What factors are important when nursing someone with depression

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    Hi everyone !!
    I'm doing some research about mental illness, particularly depression. Can anyone please give me some feedback about how to manage and care for a patient diagnosed o/c depression? I believe there would be things "out of the norm" to look out for or take care of when dealing with patients diagnosed with the mental illness depression, but I'm not quite sure what they might be.

    I appreciate all your help, everyone. (I hope too, that as my nursing knowledge grows, I can return all the help you guys give me by helping out others on this discussion board :typing !!)
    lamazeteacher likes this.
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    *tongue in cheek* If they start feeling better like the antidepressants are working, watch out for suicidal behavior.

    I've been told that because AD's often bring back motivation and energy, patients may be more able or willing to complete a suicide once on treatment for a little bit.

    Also, depression has biological and psychosocial factors that contribute to the diagnosis. It's important to not only treat the symptoms but to teach coping skills and help prevent relapse.
    lamazeteacher and davidthenurse like this.
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    I've been told that because AD's often bring back motivation and energy, patients may be more able or willing to complete a suicide once on treatment for a little bit.
    Hi dolcebellaluna,

    Yes, you are right, I found this out just last week - its truly amazing !! (Do you have any other tips, haha :blushkiss)

    Thks
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    Quote from davidthestudentnurse
    Hi dolcebellaluna,

    Yes, you are right, I found this out just last week - its truly amazing !! (Do you have any other tips, haha :blushkiss)

    Thks
    Well, what do you know so far about caring for clients with depression? Are you in psych nursing clinical or just curious for your own personal development?
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    Are you in psych nursing clinical or just curious for your own personal development?
    Hi donnabellaluna,

    No, I'm not currently in psych nursing clinicals just yet, but recently I had to care for a pt on Ward 5 (Cardiac/High Dependency) who was diagnosed o/c Psych issues - depression and schizophrenia...

    It's just that for one of my nursing assignments, I am to research a mental health issue, so I am looking at depression (unless you can recommend a better topic for a mental illness !!) I have to include in my assignment things like (1) the causes, (2) the characteristics/signs/symptoms, (3) how it can be treated (the mental illness), and (4) how to manage someone on the ward with this illness.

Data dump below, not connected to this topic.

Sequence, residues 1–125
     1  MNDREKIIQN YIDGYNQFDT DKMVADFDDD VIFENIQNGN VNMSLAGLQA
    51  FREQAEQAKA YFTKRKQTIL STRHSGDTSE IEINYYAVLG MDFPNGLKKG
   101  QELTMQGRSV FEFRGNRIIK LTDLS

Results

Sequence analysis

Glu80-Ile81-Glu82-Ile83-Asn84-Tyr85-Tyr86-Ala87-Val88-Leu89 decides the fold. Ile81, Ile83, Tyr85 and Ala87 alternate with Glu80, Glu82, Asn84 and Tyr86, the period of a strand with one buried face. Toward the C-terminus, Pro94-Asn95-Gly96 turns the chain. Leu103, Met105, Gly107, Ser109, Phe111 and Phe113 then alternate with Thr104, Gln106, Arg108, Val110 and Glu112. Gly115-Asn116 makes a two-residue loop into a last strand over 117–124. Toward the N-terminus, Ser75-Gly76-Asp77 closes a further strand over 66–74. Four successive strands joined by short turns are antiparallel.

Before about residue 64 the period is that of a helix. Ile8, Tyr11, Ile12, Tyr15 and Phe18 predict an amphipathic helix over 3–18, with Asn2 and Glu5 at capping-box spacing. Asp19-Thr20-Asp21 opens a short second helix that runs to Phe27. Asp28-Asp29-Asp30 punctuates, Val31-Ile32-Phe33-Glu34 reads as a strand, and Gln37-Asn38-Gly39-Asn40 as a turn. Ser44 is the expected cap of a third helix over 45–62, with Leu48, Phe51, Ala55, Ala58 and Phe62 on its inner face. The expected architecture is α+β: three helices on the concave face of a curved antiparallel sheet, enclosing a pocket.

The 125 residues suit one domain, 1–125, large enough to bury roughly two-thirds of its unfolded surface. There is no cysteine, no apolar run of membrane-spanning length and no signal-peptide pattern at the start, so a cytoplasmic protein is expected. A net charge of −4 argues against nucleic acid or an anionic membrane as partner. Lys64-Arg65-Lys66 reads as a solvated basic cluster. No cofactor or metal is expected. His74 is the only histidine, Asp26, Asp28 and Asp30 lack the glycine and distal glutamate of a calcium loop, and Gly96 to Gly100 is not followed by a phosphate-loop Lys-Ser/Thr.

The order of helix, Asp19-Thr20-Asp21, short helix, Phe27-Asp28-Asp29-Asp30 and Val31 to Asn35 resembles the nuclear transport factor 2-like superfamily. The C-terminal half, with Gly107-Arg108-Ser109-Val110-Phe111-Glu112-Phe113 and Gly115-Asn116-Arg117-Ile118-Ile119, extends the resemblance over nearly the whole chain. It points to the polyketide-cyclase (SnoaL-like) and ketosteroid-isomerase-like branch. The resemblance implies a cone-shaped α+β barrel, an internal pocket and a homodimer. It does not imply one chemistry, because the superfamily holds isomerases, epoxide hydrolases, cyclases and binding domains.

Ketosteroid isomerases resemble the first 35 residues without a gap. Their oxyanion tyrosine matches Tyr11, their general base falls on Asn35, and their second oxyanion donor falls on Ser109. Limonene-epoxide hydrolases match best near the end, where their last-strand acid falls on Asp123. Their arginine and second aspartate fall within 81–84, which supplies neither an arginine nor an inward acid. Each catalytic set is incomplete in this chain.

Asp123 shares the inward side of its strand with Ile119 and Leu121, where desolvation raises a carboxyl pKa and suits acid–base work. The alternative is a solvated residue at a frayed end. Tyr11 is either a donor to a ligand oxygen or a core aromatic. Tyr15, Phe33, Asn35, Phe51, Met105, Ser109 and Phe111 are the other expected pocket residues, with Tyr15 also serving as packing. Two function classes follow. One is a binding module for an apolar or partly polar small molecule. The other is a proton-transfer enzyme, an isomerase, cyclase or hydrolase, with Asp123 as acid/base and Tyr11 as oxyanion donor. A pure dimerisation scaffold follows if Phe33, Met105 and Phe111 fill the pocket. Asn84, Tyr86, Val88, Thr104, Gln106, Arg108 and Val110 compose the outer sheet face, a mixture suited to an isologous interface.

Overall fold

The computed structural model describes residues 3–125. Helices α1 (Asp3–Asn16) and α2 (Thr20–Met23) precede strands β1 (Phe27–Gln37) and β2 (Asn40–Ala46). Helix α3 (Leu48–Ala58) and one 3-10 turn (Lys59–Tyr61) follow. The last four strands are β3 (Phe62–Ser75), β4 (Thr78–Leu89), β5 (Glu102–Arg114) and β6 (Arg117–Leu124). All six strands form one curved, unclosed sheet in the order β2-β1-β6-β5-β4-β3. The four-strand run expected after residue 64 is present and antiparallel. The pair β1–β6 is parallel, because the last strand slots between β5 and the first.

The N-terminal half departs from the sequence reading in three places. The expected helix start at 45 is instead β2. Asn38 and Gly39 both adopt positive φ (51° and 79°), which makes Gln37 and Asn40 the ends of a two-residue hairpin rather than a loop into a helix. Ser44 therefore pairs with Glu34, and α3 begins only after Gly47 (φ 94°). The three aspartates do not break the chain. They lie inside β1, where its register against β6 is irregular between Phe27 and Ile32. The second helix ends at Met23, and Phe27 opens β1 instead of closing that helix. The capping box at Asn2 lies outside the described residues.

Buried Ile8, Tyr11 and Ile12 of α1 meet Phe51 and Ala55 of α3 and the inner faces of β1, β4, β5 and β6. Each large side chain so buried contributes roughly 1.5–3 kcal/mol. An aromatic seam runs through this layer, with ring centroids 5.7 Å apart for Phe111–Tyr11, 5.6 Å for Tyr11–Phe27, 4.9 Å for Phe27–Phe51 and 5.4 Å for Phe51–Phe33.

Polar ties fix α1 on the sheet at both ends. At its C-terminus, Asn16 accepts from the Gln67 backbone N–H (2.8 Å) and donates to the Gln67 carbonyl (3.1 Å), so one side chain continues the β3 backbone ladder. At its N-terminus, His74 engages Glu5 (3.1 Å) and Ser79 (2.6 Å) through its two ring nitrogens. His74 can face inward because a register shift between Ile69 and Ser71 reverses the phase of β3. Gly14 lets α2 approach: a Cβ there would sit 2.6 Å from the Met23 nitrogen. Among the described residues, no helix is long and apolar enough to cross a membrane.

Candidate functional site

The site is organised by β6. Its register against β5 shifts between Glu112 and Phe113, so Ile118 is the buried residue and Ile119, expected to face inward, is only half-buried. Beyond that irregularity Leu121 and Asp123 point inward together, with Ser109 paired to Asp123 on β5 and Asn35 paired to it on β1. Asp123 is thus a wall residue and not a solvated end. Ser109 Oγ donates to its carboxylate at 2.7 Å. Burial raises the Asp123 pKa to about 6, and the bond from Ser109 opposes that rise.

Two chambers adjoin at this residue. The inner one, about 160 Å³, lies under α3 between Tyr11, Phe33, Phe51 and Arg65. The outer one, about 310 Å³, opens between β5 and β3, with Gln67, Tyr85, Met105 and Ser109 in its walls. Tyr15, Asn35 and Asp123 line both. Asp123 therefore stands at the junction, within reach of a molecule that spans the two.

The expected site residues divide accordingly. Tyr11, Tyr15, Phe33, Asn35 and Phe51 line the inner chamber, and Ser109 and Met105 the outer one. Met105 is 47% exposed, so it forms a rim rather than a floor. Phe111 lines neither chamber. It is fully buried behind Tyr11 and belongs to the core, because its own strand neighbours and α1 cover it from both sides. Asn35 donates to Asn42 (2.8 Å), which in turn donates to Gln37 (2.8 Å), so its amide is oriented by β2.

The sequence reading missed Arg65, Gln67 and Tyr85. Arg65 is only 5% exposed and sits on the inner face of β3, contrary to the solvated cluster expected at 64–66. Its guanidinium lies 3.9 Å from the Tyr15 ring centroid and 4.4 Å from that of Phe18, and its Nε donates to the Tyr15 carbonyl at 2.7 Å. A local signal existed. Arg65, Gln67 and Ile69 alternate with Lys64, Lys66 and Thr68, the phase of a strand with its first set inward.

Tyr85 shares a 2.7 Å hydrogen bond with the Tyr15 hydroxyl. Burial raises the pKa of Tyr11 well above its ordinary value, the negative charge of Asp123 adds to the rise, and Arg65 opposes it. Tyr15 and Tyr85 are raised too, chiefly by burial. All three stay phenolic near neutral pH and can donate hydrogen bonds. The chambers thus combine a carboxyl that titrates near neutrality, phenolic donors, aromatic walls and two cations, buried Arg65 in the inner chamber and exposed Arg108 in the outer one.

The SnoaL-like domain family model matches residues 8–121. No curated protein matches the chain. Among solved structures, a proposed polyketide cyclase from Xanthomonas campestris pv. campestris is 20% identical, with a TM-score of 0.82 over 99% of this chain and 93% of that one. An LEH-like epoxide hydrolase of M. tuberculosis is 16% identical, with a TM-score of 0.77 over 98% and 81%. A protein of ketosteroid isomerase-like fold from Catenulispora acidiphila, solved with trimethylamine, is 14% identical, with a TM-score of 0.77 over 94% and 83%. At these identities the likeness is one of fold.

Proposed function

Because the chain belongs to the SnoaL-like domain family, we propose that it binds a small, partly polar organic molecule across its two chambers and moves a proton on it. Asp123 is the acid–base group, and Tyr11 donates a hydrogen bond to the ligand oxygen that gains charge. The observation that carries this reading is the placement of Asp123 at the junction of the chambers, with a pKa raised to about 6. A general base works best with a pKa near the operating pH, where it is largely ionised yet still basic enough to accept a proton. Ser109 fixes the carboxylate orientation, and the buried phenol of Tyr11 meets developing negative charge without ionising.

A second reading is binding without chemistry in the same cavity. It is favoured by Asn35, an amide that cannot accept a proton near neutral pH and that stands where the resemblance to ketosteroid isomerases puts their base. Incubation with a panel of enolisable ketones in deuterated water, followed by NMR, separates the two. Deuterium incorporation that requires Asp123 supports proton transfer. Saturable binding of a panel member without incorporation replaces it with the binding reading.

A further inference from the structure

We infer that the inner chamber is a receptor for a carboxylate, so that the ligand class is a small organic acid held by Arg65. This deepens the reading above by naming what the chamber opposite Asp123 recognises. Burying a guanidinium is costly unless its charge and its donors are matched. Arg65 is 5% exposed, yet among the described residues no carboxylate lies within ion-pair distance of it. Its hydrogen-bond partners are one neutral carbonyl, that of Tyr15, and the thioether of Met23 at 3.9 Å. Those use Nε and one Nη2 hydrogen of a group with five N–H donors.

I'm fine o/c the first 3 points, but the last one "(4) how to manage someone on the ward with this illness" is a bit of a different story. To be honest, aside from the one pt from Ward 5 of our hospital, I have never had to deal with pts with a psych history, so its a little difficult to fathom what is required in order to manage such a pt. (But what I DO know from other colleagues is that you NEVER turn your back on the pt :smackingf - for both your own safety, and for the safety of the pt. !!)
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    Never turn your back on a patient with depression? Why?

    People with depression are no different than you, apart from having a chemical imbalance which affects their mood and motivation.
  10. 0
    Quote from ghillbert
    Never turn your back on a patient with depression? Why?
    Sorry, maybe my wording could have been a bit more clearer - I was referring to psych pts who are suicidal.
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    Still doesn't make sense. If someone is in a safe environment, there's no problem turning your back on a suicidal patient.

    The fact that you said "for your own safety" seems to imply that you feel you would be at risk from a depressed patient if you turned your back on them. I doubt they'd have the inclination or energy to do much, let alone cause damage to you.
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    Quote from ghillbert
    If someone is in a safe environment, there's no problem turning your back on a suicidal patient.
    Maybe I have much to learn yet about psych pts, including suicidal pts, but we were trained that whilst we create as "safe as possible" environment as we can, that suicidal pts. will sometimes go to extreme measures to carry out their will if they want to - so basically "safe" environment for these types of pts. is individual - depending on the circumstances (But I take your word to be true, as I guess that you must have lots of knowledge and experience in working with suicidal pts. :spin

    As mentioned before, I am not directly referring to pts. who are depressed, but rather to psych pts. who are suicidal. In regards to "turning your back", I was thinking along the lines of "keeping an eye on their behaviour" that they will not harm themselves.
    donnaclure likes this.
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    Yes, I agree, pts. who are suicidal will take extreme measures sometimes to do their deed. Keep ur eyes open and ur wits about when nursing them. Cheers!


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